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# Partially observable Markov decision processes for spoken dialog systems

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Paper presentation:
Partially observable Markov decision processes for spoken dialog systems
Jason D. Williams, Steve Young (AT&T Labs)
2007, Computer Speech and Language, 21(2)

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### Partially observable Markov decision processes for spoken dialog systems

1. 1. Partially observable Markov decision processes for spoken dialog systems Jason D. Williams, Steve Young (AT&T Labs) 2007, Computer Speech and Language, 21(2):
2. 2. Outline <ul><li>Introduction
3. 3. Partially observable Markov decision processes
4. 4. Spoken Dialog System
5. 5. SDS-POMDP
6. 6. Comparing
7. 7. Empirical support </li></ul>
8. 8. POMDP (1) <ul><li>Partially observable Markov decision processes
9. 9. POMDP = {S, A, T, R, O, Z, λ, b 0 } </li><ul><li>S – set of states describing agent's world
10. 10. A – set of actions, that agent may take
11. 11. T – transition probability – P(s'|s, a)
12. 12. R – reward – r(s, a)
13. 13. O – set of observation about the world
14. 14. Z – observation probability – P(o'|s', a) </li></ul></ul>
15. 15. POMDP (2) <ul><li>POMDP = {S, A, T, R, O, Z, λ, b 0 } </li><ul><li>λ – geometric discount factor <0, 1>
16. 16. b 0 – initial belief state b 0 (s) </li></ul></ul>
17. 17. POMDP (3) <ul><li>○ - random variable
18. 18. □ - decision node
19. 19. ◊ - utility node
21. 21. | - causal effect
22. 22.  - distribution is used
23. 23. RL – reinforced learning </li></ul>
24. 24. POMDP (Example) <ul><li>Dialog system </li><ul><li>saving/deleting messages </li></ul></ul>
25. 25. Spoken Dialog System <ul><li>S u – internal user state
26. 26. S d – dialog state (user view)
27. 27. A u – user action (intention) </li></ul>
28. 28. Spoken Dialog System <ul><li>Y u – user audio signal
29. 29. A u – action recognized by machine
30. 30. C – confidence score
31. 31. S m – dialog state (machine view) </li></ul>~
32. 32. Spoken Dialog System <ul><li>A m – machine action
33. 33. Y m – machine audio signal
34. 34. A m – action recognized by user </li></ul>~
35. 35. Mapping SDS to POMDP <ul><li>POMDP = {S, A, T, R, O, Z, λ, b 0 }
36. 36. SDS = {S u , S d , S m , C, A u , A u , A m } </li></ul>~
37. 37. SDS-POMDP <ul><li>s = (s u , a u , s d )
38. 38. s m = b(s) = b(s u , a u , s d ) </li></ul>
39. 39. Math behind <ul><li>Formula for new belief </li></ul><ul><li>Exact algorithms rarely scale with more than 10 actions, states and observations.
40. 40. Effective approximate solutions exist. </li></ul>
41. 41. Comparing SDS-POMDP <ul><li>Better than current approaches
42. 42. CA are simplification or special case
43. 43. Approaches </li><ul><li>Parallel state hypotheses
44. 44. Local use of confidence score
45. 45. Automated action planning </li></ul></ul>
46. 46. Parallel state hypotheses <ul><li>Traditional = 1 state
47. 47. Uncertainty -> multiple states
48. 48. 2 techniques </li><ul><li>Greedy decision theoretic approaches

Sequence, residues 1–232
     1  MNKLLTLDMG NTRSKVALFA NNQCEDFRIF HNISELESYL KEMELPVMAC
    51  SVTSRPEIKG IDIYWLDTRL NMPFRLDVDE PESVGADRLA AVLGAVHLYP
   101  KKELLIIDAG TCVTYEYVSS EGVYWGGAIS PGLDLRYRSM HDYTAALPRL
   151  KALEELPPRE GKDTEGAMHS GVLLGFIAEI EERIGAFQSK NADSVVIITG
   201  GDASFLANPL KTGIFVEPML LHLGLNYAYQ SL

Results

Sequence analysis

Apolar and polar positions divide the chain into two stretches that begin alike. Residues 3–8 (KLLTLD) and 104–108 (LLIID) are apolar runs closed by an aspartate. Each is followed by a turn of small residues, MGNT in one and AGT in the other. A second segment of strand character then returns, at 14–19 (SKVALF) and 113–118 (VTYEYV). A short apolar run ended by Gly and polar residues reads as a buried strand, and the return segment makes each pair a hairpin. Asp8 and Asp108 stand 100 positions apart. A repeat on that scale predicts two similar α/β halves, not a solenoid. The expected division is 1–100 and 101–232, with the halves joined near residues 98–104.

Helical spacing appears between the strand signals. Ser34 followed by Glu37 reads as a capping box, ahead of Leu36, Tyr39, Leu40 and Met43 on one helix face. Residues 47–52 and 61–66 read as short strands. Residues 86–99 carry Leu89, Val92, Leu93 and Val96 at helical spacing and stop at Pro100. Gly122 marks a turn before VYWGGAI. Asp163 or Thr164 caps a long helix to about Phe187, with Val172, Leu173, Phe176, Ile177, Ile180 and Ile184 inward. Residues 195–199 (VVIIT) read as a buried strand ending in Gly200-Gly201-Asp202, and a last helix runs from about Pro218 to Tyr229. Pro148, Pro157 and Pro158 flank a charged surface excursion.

49. 49. M-Best list </li></ul></ul>
50. 50. Greedy decisions <ul><li>Maximizes immediate reward
51. 51. Doesn't perform plan
52. 52. Handcrafting + ad hoc tunning </li></ul>
53. 53. M-Best list <ul><li>Considers only the top hypotheses
54. 54. = POMDP with handcrafted action selection
55. 55. Subspace of belief space </li></ul>
56. 56. Local use of confidence score <ul><li>Handcrafted update rules
57. 57. A c = {expl-confirm, imp-confirm, reject}
58. 58. Useful, but hard for long-term goals </li></ul>
59. 59. Automated action selection <ul><li>Handcrafted planning </li><ul><li>Unforseen dialog situations </li></ul><li>POMDP with single state
60. 60. 2 main techniques </li><ul><li>Supervised learning
61. 61. Markov decision processes </li></ul></ul>
62. 62. Supervised learning <ul><li>Training data </li><ul><li>Human-human – much richer
63. 63. Human-machine – machine errors </li></ul><li>Single state </li></ul>
64. 64. Markov decision process <ul><li>Fully Observable MDP is simplification of PO
65. 65. Assumes, that world state is known exactly
66. 66. Single state </li></ul>
67. 67. Empirical support <ul><li>Based on simulations
68. 68. Benefits of POMDP to </li><ul><li>Parallel state hypotheses
69. 69. Confidence score
70. 70. Automated planning </li></ul><li>Real data </li></ul>
71. 71. Parallel state hypotheses (1)
72. 72. Parallel state hypotheses (2)
73. 73. Parallel state hypotheses (3)
74. 74. Confidence score (1) <ul><li>Confidence Score: Reject, 0.4, Low, 0.8, Hight </li></ul>
75. 75. Confidence score (2)
76. 76. Confidence score (3)
77. 77. Confidence score (4)
78. 78. Automated planning (1) <ul><li>HC1
79. 79. HC2
80. 80. HC3 </li></ul>
81. 81. Automated planning (2)
82. 82. Automated planning (3)
83. 83. Real data (1) <ul><li>SACTI-1 Corpus </li><ul><li>144 human-human dialogs in the travel domain </li></ul></ul>
84. 84. Real data (2)
85. 85. Conclusion <ul><li>Significant improvement in robustness
86. 86. CA are simplification or special case
87. 87. Scales purely
88. 88. Unique </li></ul>
89. 89. Future work <ul><li>Other approaches </li><ul><li>Information State Update
90. 90. Hidden Information State </li></ul><li>Evaluating on real users </li></ul>
91. 91. Questions?
92. 92. Thank you! Thank you!